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Ptitsy smerti v zenite stojat… (Птицы смерти в зените стоят…)

Original Text

Птицы смерти в зените стоят.
Кто идет выручать Ленинград?

Не шумите вокруг - он дышит,
Он живой еще, он все слышит:

Как на влажном балтийском дне
Сыновья его стонут во сне,

Как из недр его вопли: "Хлеба!"
До седьмого доходят неба...

Но безжалостна эта твердь.
И глядит из всех окон - смерть.

28 сентября 1941 Самолет

Finnish

Kuoleman linnut...
Translated by Pentti Saaritsa

 

Kuoleman linnut ovat taivaan laella.

Kuka menisi nyt Leningradin avuksi?

 

Älkää häliskö; katsokaa, se hengittää,

se elää yhä, kuulee yhä kaiken:

 

miten Itämeren kosteassa pohjassa

sen omat pojat vaikeroivat unissaan,

 

miten sen uumenista huuto: "Leipää!"

kiirii ylimmäisiin taivaisiin ....

 

Mutta kaikki on niin armottoman kovaa

ja joka ikkunasta katsoo kuolema.

 

Lentokoneessa 28.9.1941


© Neuvostolyriikkaa 3. Ed. by Natalia Baschmakoff, Pekka Pesonen, Raija Rymin. Helsinki: Tammi, 1978

German

Die Vögel des Tods im Zenit
Translated by Rainer Kirsch
 
Die Vögel des Tods im Zenit.
[...]
 
 
September 1941

Swedish

Dödens fåglar...
Translation by Hans Björkegren

 

Dödens fåglar i zenit.

Vem bistår Leningrad?

 

Stoja inte - den andas,

den lever, den kan höra

 

sina söner stöna i sömnen

nere på Östersjöns botten

 

och skriet "bröd!" stiga

ur jordens inre mot himlarna...

 

Men himlen är skoningslös.

Genom alla fönster stirrar döden.

 

September 1941

  • Country in which the text is set
    Russia
  • Featured locations

    Ленинград (Leningrad, Petrograd, Saint Petersburg)

     

  • Impact

    This poem was written by Akhmatova on the 28 September, 1941 when she was being evacuated from besieged Leningrad. After starving in the city, Akhmatova left by plane, from where she witnessed the German bombardment. She describes the city craving for bread and impregnated with death. In the poem she tells us about “the sons of the city who lay on the humid bottom of the Baltic [a reference to the swampy city itself] and moan of suffering in their sleep… ” The poem is included in the collection “The Wind of War”.

    Anna Akhmatova is considered one of the most important Russian poets of the twentieth century. Her significance is also based on her role as the poet who experienced the fate and history of Saint-Petersburg-Petrograd-Leningrad as it unfolded during the twentieth century in all its tragedy and all its glory. Even during the harshest years of Soviet history when publication of her work was banned, she retained her reputation as a master stylist and a truly original poetic voice.

    Akhmatova’s verse has been translated into all European languages. The poet she most admired was Pushkin. Her oeuvre encompasses the tradition of the Russian (and St.Petersburg) poetry of the twentieth century (the Golden Age), to which she added new imagery and unsurpassed new depth, earning her the reputation of queen of the so-called Silver Age.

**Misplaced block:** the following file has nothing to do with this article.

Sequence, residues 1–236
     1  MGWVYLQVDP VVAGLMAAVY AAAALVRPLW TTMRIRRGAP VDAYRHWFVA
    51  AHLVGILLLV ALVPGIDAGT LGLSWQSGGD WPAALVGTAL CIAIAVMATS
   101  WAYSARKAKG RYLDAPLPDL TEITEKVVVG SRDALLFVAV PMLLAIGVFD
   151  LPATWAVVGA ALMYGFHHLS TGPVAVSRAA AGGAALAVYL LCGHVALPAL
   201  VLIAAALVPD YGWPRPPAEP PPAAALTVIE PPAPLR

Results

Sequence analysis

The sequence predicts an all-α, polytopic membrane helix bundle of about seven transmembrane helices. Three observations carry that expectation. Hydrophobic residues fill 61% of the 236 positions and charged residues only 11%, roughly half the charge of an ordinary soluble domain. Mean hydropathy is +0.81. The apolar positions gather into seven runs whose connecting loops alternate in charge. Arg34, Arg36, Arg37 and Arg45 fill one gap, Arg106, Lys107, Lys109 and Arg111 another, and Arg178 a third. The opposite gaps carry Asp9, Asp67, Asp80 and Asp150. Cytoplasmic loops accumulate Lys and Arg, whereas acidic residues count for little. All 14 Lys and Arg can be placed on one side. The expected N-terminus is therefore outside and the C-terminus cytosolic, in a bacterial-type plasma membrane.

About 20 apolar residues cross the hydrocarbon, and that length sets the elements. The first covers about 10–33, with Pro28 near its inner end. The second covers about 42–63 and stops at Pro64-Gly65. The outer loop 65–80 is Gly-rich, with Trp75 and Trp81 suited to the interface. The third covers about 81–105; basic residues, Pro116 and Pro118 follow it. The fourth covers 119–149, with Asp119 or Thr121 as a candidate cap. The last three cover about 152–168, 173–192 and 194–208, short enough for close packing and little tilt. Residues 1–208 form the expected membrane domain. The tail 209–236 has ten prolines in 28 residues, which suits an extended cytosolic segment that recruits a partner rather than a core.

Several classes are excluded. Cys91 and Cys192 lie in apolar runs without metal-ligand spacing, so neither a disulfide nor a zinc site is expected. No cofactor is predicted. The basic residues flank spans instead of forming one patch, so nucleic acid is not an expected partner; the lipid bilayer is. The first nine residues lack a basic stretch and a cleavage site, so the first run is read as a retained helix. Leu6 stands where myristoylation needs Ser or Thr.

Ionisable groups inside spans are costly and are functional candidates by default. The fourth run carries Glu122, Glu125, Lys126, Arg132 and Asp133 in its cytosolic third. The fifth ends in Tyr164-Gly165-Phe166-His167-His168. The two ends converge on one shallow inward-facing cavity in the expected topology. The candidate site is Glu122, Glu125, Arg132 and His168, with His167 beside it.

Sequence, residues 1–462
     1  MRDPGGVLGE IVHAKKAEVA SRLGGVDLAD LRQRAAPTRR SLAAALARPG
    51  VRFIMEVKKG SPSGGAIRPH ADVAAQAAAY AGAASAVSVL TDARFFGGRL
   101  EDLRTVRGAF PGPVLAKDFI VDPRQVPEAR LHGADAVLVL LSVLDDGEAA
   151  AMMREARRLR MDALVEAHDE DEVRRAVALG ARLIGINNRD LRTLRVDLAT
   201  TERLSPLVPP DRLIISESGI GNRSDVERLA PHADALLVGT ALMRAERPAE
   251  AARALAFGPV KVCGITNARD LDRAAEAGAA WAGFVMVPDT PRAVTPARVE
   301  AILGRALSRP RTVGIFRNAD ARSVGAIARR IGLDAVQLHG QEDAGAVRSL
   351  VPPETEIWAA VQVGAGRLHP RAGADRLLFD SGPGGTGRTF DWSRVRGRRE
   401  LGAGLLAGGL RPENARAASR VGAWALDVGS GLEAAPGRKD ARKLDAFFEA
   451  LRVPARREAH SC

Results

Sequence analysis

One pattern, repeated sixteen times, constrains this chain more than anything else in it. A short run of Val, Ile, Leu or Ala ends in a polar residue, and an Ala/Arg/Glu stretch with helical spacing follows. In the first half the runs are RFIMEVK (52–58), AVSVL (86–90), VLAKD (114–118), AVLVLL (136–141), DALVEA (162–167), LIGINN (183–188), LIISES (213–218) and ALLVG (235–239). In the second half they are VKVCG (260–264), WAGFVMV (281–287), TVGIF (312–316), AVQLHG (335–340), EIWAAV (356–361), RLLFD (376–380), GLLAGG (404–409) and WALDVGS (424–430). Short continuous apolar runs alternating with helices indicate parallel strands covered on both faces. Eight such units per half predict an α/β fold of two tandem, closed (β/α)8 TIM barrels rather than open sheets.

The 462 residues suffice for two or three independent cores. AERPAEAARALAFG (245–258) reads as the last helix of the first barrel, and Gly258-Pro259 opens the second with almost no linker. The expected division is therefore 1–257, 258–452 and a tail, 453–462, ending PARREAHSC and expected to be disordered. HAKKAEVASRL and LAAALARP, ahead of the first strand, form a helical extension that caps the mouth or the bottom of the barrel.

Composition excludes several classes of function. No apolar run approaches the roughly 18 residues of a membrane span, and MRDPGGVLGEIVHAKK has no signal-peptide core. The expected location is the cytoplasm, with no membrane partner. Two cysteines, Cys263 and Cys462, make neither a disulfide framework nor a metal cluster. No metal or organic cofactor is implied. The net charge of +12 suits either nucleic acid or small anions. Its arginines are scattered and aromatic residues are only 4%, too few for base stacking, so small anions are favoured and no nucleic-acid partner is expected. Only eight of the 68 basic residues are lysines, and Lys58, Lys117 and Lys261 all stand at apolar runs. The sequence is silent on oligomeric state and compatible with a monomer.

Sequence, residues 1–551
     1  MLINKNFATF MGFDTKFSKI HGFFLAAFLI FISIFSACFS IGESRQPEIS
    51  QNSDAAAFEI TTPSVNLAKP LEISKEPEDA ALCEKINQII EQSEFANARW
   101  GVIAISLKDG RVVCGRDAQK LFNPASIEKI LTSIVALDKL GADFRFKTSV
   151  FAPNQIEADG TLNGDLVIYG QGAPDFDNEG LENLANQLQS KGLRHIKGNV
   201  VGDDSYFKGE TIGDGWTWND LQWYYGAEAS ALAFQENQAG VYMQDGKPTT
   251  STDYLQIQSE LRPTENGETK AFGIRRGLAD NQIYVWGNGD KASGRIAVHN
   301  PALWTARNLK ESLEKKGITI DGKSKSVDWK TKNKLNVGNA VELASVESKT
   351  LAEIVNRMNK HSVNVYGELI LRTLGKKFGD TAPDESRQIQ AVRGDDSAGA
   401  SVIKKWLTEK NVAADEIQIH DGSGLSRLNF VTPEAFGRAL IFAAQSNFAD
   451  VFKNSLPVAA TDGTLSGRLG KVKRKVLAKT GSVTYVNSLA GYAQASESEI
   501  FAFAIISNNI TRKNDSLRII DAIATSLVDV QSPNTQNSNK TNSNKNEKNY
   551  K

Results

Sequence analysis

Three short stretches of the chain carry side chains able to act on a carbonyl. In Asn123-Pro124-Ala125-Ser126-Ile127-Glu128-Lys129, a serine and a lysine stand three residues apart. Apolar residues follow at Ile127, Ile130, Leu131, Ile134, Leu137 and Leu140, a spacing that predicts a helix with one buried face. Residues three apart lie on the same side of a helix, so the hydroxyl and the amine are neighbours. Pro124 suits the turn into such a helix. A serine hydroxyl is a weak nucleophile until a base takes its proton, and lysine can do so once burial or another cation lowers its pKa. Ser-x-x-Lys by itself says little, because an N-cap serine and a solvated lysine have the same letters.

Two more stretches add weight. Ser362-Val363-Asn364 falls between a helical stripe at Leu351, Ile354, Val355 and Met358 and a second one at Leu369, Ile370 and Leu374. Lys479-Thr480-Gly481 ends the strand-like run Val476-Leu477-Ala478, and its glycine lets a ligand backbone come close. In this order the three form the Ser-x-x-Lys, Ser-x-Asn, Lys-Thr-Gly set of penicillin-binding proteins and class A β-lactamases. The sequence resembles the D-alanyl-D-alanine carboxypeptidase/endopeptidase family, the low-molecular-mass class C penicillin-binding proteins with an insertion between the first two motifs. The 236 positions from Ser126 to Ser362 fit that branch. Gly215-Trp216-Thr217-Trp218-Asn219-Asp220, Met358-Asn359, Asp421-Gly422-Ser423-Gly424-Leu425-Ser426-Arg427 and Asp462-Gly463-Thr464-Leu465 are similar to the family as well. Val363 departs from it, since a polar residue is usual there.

She also absorbed currents from French poetry of the first two decades of the twentieth century and introduced them to Russia between the wars. The impact of her person and oeuvre during these decades is illustrated by the emergence of a whole group of young female poets who were called “podakhmatovkis”, e.g. those trying to compose verse like Anna the Great. Being a beautiful woman she enthralled the many talented men of her time, among them Amedeo Modigliani and Isaiah Berlin. Having spent the greater part of her life in the “Fountain House” in the center of Leningrad, she has become its legend and a symbol of the spirit of freedom that refused to bow before the horrors of the Stalinist age. Though many of her loved ones were sent to prisons and labor camps she refused to consider emigrating to the West. In the 1960s Akhmatova was granted the title of the Honorary Doctor by Oxford University and was given permission to go to England for the ceremony.

  • Balticness

    Akhmatova lived the major part of her life in Saint Petersburg (Petrograd, Leningrad) and became the city’s poet. However, she spent the last 10 years of her life in a little cottage in the Finnish village of Komarovo (Finnish name Kellomäki) by the shore of the Gulf of Finland. She devoted a great deal of her later lyrical verse to the humble beauty of this landscape. Her Komarovo cottage became something of a literary Mecca, and its visitors included Andrey Voznesensky, Joseph Brodsky and many other young poets, all of them seeking her opinion and approval. Akhmatova is buried in the Komarovo cemetery and the little town remains famous throughout the world because of her association with it.

    Polina Lisovskaya

  • Bibliographic information

    All seven poems are parts of different collections and for the most part were published long after they were written, either posthumously or after the advent of Perestroika.

  • Translations
    Language Year Translator
    English 1997 Judith Hemschemeyer
    Finnish 1978 Pentti Saaritsa
    German 1967 Rainer Kirsch
    Swedish 1978 Hans Björkegren
  • Year of first publication
    1950s–1990s
  • Place of first publication
    Moscow, Leningrad